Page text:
Olympic Swimmer Simone Manuel Engaged to Boyfriend Denzel Franklin: 'Easiest and Quickest Yes'

Swimmer Simone Manuels Announces Engagement
Swimmer Simone Manuels Announces Engagement

Simone Manuels/Instagram

Simone Manuel is now a bride-to-be!

On Monday, the Olympic swimmer, 26, announced she is engaged to her longtime boyfriend Denzel Franklin on Instagram alongside photos of the couple smiling together and the athlete showing off her engagement ring.

"Major changes outside the pool as well… ~ 7.3.22 ~ Easiest and quickest 'YES'! 😂," she captioned the snaps.

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She added, "Nothing tops being able to experience life's blessings and challenges with your best friend. So excited to continue this journey called life with you! ❤️‍🔥"

Manuel — who became the first African-American woman to win gold in an individual swimming event at the Olympics in 2016 — also announced her return to the pool on Monday after taking a break from training following the Tokyo 2020 Olympics. She competed in the U.S. women's 4×100 free relay and the individual women's 50 free at the event.

In a second Instagram post, Manuel revealed that she would begin training at Arizona State University with Michael Phelps former coach, Bob Bowman.

RELATED: Simone Manuel Makes History as First African-American Woman to Win Gold in Individual Swimming Event

"Hey y'all! After a long and much-needed break, I have made major changes," she shared. "I'm excited to announce that I will be training at ASU under the guidance of Bob Bowman, Herbie Behm, and the coaching staff at ASU!"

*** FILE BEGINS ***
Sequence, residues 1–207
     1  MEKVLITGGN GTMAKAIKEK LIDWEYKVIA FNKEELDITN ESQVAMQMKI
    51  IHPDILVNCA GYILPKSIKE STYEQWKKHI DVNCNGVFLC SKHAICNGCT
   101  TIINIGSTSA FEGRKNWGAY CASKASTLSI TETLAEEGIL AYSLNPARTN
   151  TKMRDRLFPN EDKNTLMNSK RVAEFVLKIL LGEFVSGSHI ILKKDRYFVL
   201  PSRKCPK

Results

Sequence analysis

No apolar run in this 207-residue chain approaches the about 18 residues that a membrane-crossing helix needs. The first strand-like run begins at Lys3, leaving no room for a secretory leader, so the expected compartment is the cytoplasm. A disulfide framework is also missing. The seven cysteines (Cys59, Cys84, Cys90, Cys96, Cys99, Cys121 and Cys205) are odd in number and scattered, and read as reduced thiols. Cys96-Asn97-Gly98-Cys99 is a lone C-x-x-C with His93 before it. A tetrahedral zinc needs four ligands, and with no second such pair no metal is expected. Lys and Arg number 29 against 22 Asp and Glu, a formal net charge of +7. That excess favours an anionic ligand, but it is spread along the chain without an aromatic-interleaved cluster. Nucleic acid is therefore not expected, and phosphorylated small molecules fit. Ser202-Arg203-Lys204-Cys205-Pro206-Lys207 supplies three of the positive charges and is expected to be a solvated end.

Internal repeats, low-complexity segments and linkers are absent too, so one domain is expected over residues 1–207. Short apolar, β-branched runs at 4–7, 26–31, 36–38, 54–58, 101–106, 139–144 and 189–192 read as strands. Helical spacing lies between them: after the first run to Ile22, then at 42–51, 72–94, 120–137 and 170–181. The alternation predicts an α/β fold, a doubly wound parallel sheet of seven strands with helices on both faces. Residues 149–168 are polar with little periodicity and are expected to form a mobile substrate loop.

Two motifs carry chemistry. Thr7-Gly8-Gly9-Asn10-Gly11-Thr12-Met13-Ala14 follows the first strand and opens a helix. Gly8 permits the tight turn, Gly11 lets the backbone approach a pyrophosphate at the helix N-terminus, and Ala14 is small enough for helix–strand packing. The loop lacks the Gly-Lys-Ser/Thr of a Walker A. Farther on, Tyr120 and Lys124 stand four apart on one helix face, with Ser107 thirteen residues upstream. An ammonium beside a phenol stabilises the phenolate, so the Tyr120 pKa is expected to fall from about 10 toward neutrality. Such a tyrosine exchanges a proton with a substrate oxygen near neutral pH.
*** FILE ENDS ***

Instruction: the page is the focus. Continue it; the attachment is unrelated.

She added, "New opportunities. New location. Same destination!"

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Back in 2020, Manuel opened up to PEOPLE about experiencing racism as a swimmer.

"I think that my journey in the sport of swimming as a Black woman has been one with many trials and tribulations," Manuel tells PEOPLE.

RELATED: Olympian Simone Manuel on Experiencing Racism as a Swimmer: It's Hard to 'Defend Your Ambitions'

The Texas native recalls the many prejudiced responses she experienced from people once they discovered she was a swimmer. The reactions varied from distinct looks of bewilderment to being asked why she didn't choose a different sport, like "track or basketball."

"It's very obvious that it's rooted in the thinking that Black people can't swim, shouldn't swim or can't be successful in the sport of swimming," she says. "I've gotten responses like that. I've gotten laughed at when I've told people I swim."

"Those are some experiences that have hurt down pretty deep, because it's really hard to always feel like you have to kind of defend what you love, defend your passions, defend your ambitions," she continues. "That was something that was really difficult for me because I always knew what the responses and the reactions were rooted in, and that it had to do with the color of my skin."